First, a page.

At some point, even the Republican base has to wake up and see reality, don’t they? Maybe not. But the rest of the Republican Party will. A problem is, there is little “rest of” the GOP.
It’s been a slow march, but many in the Republican Party are either withdrawing officially (changing their registration) or withdrawing emotionally and not engaging in giving money or supporting the GOP national candidates. I know, I know: everyone pretty much has his or her own billionaire or two to provide the money – but they can’t deliver the votes.
It does mean that the GOP cannot win with Donald Trump or Ben Carson or Carly Fiorina at the head of the ticket. Many pundits are now pointing out that politics is a game of addition, not subtraction – the more voting blocs you tick off, the fewer potential voters you have. If Trump became the candidate, he won’t get the support of women (more than half the population), Hispanics (the fastest-growing demographic) or men and women who support a woman’s right to the abortion. And that’s just for starters.
The other knock on those three contenders is none has experience in government. Some in the base think that’s a plus. They are wrong. The measurement in the private sector for success is different than the measurement in the public sector. Private sector: you make deals (Trump has made it clear he believes he’s the best deal-maker ever born). Public sector: you also make deals (or we will get back to it some day, I hope) but the back and forth isn’t over money, for special interests – which could be people supporting women’s health or better education or a focus on college costs etc. Trump may think that’s the same, it isn’t. The same with "making deals" with foreign leaders. It ain't gonna be done on the force of personality. It takes policy positions to back up what you're proposing. These folks hold up President Reagan as their guiding light, but they clearly have not studied his presidency to see how he accomplished what he accomplished, including seeing the Soviet Union break up and the Berlin Wall come down.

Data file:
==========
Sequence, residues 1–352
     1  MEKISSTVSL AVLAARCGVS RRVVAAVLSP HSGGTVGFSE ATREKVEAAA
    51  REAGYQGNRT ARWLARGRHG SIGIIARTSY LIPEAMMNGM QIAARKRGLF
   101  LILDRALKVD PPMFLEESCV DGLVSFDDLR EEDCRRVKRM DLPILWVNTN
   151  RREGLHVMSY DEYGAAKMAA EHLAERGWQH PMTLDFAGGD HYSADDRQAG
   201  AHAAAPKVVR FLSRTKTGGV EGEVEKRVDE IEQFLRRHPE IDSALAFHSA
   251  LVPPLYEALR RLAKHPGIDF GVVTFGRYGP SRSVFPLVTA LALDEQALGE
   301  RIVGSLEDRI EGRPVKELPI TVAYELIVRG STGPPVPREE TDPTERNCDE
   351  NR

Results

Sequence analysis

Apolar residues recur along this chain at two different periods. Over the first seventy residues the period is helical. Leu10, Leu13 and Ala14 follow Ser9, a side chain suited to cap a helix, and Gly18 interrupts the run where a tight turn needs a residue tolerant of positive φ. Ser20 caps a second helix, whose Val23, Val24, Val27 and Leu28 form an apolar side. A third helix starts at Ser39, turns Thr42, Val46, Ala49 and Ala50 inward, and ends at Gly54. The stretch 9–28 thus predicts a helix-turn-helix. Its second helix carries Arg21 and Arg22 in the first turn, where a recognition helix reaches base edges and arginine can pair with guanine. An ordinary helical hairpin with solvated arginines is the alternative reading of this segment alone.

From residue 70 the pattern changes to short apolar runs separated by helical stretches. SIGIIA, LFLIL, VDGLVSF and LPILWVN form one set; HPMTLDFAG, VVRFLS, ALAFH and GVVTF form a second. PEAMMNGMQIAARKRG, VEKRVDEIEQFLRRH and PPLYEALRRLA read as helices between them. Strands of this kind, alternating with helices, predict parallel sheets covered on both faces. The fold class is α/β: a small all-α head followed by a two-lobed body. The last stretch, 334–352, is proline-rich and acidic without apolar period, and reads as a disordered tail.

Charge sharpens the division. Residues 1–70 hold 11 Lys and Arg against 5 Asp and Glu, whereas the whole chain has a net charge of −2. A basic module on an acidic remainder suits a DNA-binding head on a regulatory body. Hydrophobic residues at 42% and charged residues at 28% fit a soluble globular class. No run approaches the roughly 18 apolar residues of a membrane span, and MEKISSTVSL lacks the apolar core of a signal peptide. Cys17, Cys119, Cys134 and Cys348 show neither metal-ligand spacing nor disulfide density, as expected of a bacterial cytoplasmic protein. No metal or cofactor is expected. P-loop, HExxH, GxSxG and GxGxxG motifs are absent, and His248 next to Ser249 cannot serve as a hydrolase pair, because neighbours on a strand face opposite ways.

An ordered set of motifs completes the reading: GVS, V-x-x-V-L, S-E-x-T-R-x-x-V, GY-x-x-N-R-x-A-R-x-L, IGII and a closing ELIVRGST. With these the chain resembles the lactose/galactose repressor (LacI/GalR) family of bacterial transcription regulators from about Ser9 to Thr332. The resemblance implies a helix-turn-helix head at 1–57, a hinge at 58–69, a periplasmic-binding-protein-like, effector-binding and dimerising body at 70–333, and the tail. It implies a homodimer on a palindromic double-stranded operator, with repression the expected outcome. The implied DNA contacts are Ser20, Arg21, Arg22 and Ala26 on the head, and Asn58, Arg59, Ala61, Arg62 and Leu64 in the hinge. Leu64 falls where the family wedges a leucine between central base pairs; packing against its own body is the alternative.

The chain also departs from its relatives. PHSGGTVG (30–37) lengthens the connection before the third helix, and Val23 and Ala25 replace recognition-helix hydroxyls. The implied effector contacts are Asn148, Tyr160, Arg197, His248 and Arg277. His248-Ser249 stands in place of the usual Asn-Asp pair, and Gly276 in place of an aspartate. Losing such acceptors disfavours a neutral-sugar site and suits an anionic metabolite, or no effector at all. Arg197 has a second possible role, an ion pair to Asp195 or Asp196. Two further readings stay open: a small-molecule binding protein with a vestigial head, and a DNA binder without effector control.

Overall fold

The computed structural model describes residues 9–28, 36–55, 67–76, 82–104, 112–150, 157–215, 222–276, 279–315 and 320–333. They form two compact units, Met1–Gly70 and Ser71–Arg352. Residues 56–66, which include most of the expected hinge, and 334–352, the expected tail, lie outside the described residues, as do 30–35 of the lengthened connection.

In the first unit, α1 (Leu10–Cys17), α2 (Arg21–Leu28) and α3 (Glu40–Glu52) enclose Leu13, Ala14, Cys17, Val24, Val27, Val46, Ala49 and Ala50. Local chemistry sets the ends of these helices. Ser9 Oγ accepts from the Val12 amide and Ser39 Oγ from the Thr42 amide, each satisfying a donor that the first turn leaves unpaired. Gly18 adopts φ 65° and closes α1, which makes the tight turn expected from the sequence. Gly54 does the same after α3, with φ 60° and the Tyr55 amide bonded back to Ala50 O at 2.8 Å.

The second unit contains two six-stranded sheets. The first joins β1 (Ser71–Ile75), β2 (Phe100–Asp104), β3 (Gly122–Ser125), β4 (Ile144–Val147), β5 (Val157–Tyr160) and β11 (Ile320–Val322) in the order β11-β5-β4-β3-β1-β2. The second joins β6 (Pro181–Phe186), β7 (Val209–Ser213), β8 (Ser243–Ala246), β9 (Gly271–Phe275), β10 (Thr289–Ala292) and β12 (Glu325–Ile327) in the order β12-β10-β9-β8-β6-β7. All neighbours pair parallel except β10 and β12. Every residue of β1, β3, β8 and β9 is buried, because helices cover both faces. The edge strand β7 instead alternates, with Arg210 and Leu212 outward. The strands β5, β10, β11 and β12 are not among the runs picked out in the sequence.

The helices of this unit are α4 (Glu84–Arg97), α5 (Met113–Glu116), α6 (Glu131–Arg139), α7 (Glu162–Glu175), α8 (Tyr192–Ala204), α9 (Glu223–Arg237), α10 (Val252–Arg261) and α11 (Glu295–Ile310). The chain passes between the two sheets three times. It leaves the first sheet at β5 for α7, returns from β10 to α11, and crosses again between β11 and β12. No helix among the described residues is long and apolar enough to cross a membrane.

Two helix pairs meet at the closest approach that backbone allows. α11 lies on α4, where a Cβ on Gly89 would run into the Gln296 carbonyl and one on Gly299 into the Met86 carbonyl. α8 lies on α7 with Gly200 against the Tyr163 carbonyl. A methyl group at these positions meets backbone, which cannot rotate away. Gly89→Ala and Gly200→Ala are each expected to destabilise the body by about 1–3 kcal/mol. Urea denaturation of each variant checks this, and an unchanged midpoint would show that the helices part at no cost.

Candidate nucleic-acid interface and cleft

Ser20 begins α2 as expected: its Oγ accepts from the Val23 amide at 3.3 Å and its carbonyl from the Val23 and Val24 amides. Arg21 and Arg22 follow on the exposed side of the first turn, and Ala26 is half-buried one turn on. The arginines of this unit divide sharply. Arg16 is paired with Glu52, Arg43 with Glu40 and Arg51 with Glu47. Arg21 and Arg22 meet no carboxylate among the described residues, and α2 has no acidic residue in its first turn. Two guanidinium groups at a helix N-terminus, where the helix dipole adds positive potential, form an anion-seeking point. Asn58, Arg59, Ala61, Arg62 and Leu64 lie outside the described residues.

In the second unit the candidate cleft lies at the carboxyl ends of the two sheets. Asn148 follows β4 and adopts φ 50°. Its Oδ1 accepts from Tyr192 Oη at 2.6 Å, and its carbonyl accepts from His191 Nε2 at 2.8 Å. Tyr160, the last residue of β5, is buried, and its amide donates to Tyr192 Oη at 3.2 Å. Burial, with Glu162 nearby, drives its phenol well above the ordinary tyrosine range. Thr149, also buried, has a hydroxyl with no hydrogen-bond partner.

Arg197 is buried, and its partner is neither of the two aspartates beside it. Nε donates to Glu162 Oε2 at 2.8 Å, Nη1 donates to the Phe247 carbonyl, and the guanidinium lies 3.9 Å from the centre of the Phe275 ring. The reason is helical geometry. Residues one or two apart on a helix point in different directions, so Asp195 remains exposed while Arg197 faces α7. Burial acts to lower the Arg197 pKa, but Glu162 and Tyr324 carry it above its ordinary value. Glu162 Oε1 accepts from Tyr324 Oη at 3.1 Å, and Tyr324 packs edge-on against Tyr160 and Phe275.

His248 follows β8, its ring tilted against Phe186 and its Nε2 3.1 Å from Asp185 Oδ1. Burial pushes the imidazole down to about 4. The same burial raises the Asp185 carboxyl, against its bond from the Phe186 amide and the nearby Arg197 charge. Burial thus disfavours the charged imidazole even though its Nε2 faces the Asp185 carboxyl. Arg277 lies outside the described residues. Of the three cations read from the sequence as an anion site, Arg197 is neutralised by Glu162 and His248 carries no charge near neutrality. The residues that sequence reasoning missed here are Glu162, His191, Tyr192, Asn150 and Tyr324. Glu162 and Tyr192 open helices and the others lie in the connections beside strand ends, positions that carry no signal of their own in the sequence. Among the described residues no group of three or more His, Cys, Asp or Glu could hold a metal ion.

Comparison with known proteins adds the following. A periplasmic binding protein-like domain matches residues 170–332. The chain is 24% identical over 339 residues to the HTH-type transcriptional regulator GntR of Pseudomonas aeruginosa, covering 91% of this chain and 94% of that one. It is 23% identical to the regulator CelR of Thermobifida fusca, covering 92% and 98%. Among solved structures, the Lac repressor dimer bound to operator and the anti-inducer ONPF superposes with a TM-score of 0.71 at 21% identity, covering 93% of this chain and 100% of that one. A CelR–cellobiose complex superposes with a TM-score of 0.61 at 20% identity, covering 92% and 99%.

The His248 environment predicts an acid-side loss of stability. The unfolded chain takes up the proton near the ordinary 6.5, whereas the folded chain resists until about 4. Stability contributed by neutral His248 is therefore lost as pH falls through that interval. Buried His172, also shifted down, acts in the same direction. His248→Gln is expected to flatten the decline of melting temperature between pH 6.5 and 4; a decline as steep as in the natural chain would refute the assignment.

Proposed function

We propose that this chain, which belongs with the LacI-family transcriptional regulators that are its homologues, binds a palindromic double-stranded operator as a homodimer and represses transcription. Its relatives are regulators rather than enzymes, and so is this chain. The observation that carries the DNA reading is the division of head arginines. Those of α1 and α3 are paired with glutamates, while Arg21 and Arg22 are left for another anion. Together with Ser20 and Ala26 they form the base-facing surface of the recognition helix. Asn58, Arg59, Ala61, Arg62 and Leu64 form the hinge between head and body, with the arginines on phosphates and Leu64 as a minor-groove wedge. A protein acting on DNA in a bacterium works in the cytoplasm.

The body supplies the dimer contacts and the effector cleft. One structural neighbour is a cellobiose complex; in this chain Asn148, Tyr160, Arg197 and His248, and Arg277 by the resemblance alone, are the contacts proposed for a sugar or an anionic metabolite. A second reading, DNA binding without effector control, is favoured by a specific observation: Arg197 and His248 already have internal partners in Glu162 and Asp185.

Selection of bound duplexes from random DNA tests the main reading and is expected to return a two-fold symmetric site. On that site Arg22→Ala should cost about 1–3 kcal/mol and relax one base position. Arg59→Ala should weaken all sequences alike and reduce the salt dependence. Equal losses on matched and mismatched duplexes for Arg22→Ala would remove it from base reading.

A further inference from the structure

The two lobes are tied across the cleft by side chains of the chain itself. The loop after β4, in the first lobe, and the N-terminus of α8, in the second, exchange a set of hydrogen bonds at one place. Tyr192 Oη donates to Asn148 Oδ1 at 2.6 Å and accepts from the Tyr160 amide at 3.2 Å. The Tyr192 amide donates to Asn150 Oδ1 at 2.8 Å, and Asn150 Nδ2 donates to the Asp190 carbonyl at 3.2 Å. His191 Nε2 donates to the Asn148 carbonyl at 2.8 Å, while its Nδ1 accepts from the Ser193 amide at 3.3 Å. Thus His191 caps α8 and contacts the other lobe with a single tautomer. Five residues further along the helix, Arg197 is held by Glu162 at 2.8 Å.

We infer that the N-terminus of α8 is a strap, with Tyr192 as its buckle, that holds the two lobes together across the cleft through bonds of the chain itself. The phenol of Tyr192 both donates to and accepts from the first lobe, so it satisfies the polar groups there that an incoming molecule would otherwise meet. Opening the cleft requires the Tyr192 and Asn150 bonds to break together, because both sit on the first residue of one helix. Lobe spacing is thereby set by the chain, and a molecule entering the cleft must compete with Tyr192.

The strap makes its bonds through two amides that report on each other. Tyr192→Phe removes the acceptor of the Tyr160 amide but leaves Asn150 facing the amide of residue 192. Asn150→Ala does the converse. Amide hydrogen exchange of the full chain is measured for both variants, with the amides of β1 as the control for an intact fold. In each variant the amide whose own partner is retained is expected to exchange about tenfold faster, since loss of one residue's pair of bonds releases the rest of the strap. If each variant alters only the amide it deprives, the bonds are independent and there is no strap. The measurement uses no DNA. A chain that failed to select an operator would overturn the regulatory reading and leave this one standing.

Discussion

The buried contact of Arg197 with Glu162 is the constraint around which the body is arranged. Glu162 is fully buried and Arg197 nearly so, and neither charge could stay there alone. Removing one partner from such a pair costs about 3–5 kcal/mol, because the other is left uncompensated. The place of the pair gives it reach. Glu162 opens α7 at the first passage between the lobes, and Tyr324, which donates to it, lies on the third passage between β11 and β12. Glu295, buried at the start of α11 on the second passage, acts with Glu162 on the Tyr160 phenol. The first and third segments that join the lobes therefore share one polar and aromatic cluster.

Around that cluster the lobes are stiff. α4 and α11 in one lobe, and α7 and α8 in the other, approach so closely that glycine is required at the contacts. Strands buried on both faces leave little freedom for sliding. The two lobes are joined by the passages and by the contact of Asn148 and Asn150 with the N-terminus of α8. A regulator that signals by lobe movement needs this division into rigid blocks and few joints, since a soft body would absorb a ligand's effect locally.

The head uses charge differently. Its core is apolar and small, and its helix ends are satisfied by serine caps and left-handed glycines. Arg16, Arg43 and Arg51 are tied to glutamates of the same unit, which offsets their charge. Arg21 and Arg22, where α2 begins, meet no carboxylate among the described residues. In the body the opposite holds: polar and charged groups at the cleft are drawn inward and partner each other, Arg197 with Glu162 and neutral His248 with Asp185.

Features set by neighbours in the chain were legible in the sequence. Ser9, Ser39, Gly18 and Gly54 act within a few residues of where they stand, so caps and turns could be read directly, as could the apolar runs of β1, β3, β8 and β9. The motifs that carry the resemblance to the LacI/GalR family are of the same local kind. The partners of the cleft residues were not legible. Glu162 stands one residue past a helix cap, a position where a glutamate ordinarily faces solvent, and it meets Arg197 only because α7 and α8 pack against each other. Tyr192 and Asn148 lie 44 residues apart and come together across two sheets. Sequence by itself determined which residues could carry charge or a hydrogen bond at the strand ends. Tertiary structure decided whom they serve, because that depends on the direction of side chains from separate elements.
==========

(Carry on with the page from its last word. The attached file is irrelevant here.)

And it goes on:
You don’t measure success in the public sector in dollars or cents; you do in the private sector. If the President of the United States was going to be judged on whether he had a balanced budget, he’d have a balanced budget. That’s not the measure of success. That's clearly not what gets presidents re-elected. What does get them re-elected is providing services for those who need them and providing security for the nation. You can’t put a precise price on those things. Thus, it’s nearly impossible to live within a budget and be a successful president.
I do think the tide began to turn in the last GOP debate. Already governors Perry and Walker have “suspended’ their campaigns. There was a time Walker was odds-on to be the candidate. The winnowing has begun. It will continue. The fewer the candidates, the more attention on more candidates and not just one. The fewer the candidates, the more votes those fewer candidates can get.
That’s when Mr. Trump, Dr. Carson and Ms Fiorina will see that their politics of subtraction was a big mistake. They may have captured more of the base of the party – but that’s a losing mathematical proposition.